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The Safety and Physiologic Effects of the Anticoccidial Drugs Monensin and Clazuril in Sandhill Cranes (Grus canadensis)
James W. Carpenter, Meliton N. Novilla and Jeff S. Hatfield
Journal of Zoo and Wildlife Medicine
Vol. 23, No. 2 (Jun., 1992), pp. 214-221
Published by: American Association of Zoo Veterinarians
Stable URL: http://www.jstor.org/stable/20095212
Page Count: 8
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Coccidia (Eimeria gruis and E. reichenowi) are common parasites of whooping (Grus americana) and sandhill (G. canadensis) cranes. Although Eimeria spp. infections are generally a disease of the intestinal tract, this parasite can become extraintestinal (disseminated visceral coccidiosis [DVC]) in cranes. In DVC, granulomatous nodules may form in many tissues and organs or may result in bronchopneumonia, hepatitis, myocarditis, splenitis, and enteritis. Because crane chick mortality from DVC at the Patuxent Wildlife Research Center increased in 1988, suggesting that the parasite may be developing a resistance to the coccidiostat amprolium, a target animal safety study using two coccidiostats, monensin and clazuril, was conducted on 27 subadult sandhill cranes. Results of this study indicate that both monensin and clazuril are safe in cranes when administered at 1 ×, 2 ×, and 5 × the dosage approved for use in poultry.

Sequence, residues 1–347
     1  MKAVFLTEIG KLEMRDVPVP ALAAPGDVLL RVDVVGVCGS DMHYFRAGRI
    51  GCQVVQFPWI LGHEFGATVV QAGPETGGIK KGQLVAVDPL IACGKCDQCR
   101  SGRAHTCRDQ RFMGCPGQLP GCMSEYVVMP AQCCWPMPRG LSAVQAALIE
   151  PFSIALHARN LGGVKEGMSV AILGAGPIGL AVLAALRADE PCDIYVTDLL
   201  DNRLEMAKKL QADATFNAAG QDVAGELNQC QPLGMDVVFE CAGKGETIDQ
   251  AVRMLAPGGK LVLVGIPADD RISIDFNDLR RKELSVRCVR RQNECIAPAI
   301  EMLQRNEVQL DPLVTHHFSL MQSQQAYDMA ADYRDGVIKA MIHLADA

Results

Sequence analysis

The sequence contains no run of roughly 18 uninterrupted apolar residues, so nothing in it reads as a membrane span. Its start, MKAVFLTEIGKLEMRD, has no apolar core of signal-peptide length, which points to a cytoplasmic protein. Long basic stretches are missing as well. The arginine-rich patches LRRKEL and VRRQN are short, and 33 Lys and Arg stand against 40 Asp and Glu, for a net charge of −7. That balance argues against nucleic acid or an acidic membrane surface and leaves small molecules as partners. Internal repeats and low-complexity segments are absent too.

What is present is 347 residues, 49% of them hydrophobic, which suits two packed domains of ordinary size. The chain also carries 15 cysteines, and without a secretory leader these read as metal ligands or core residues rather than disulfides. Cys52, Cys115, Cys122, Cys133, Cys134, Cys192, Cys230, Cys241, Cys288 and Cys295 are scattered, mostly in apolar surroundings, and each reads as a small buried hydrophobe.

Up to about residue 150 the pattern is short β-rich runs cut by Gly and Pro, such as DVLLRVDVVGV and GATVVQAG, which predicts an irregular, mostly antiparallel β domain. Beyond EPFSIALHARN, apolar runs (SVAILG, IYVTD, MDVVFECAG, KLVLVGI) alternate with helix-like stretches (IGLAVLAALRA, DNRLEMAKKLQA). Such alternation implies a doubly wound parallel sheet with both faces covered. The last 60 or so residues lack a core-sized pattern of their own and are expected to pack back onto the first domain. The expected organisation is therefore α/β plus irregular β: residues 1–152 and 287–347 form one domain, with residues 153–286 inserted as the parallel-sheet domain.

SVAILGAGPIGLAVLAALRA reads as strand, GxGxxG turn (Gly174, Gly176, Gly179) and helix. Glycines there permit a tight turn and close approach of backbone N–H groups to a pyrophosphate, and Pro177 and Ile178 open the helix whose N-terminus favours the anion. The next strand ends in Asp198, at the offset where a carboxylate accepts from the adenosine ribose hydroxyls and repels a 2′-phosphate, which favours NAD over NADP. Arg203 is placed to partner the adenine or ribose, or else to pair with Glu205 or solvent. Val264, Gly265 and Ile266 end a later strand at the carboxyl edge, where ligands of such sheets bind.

Journal of Zoo and Wildlife Medicine © 1992 American Association of Zoo Veterinarians